Turkish Internet Access No Delight: New "Orwellian" Restrictions Put in Place

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While these days, the idea of a truly free and open Internet seems a bit shaky, what with the ongoing net neutrality debates going on as well as the assorted chicanery coming from the NSA and similar groups, it's still a comparatively free place to express ideas and, in many cases, buy said ideas. But in Turkey, the idea of a free and open Internet is a much dimmer prospect, as evidenced by a set of new laws designed to restrain, at least somewhat, content online.

Called by some “a fresh assault...on freedom of expression,” as well as taking on issues of finding information and giving help to investigative journalism, the new laws offer a lot of restraint in terms of what can and cannot be found or posted online in Turkey. The new laws are set to expand several similar restrictions placed on Internet access back in 2007 that put Turkey's Internet controls on par with China in terms of Web censorship, as determined by a December transparency report released from Google.

More specifically, under the terms of the law, the Telecommunications Communications Presidency (TIB) of Turkey is permitted to block access to individual websites under several conditions, and without any kind of court approval. Such conditions include violations of privacy, or with content regarded as what the law's language refers to as “insulting.” Additionally, the TIB will be able to at any time request both traffic information and individual users' communications from hosting providers without any need of a court order, supplemented by the fact that earlier laws already required hosting providers to hold as much as two years' worth of data on individual users. Such powerful measures couched in vague language led some—like Istanbul's Bilgi university law professor Yaman Akdeniz—to refer to the law as “Orwellian.” Further criticism of the law came from the opposition party in Turkey's Hasan Oren, referring to the new law as part of a larger campaign to “implement fascism.”

Oren isn't alone in criticism of the new law, joined by Dutch MEP Marietje Schaake, who said Brussels needed to send a clear message about such policy being “unacceptable,” as well as noting that “the rule of law and fundamental freedoms are at the center of EU policy.” Further criticism came in from groups like Reporters Without Borders, the Committee to Protect Journalists, and even Turkey's own Industry and Business Association, who noted that the laws in question would “...increase censorship and deter investors.”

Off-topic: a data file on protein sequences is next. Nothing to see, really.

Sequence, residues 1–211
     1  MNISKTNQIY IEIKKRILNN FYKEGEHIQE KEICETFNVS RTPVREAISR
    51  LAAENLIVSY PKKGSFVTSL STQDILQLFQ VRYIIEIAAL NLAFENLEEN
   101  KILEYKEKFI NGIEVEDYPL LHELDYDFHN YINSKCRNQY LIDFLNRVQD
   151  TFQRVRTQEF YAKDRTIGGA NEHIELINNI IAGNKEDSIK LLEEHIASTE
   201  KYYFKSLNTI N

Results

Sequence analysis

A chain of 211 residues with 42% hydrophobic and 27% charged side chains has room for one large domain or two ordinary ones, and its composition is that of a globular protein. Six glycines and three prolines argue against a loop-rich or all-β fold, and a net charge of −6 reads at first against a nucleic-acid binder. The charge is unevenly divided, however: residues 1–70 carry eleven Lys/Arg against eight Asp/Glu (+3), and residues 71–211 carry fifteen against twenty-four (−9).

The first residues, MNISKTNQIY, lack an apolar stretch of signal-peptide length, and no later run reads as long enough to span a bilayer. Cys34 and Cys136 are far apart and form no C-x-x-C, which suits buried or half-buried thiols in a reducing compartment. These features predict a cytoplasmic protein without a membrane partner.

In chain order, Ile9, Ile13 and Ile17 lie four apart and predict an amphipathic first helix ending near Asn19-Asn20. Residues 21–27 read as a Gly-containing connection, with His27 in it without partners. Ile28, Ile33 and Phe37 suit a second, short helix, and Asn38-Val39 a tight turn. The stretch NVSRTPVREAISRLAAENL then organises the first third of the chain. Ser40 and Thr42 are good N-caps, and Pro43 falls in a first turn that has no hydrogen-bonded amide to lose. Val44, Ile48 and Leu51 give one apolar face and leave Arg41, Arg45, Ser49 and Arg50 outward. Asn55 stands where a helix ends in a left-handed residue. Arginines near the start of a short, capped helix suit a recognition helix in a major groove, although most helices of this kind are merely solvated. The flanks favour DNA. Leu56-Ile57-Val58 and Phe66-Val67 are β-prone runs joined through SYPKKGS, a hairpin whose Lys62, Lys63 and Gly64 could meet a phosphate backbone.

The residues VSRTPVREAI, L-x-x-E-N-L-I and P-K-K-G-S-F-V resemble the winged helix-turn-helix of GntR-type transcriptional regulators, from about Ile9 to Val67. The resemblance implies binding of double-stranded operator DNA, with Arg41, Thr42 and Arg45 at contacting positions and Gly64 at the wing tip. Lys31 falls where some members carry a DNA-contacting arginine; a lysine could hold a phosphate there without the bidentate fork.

The Turkish government, meanwhile, dismissed many of these concerns out of hand, saying that there was “no such thing as Internet censorship,” and that the country enjoys “freedom of press.” Some, however, note that the moves to add censorship to Internet access in Turkey comes at roughly the same time that Turkey's Prime Minister is facing a corruption probe involving several close associates.

In general, Internet censorship is seldom good. The point of the Internet is to promulgate ideas and allow same to move freely from place to place, where such ideas may be acted upon to produce beneficial results for all concerned. It doesn't always work out that way, of course, but better to let 10 harmful ideas through than block one idea that could have helped. The idea that such moves will restrict trade and investment in the country is also a clear point needing considered in the face of augmented censorship measures. The Internet in Turkey is under siege, and hopefully, those involved won't stand long for this measure.




Edited by Cassandra Tucker

Contributing TechZone360 Writer

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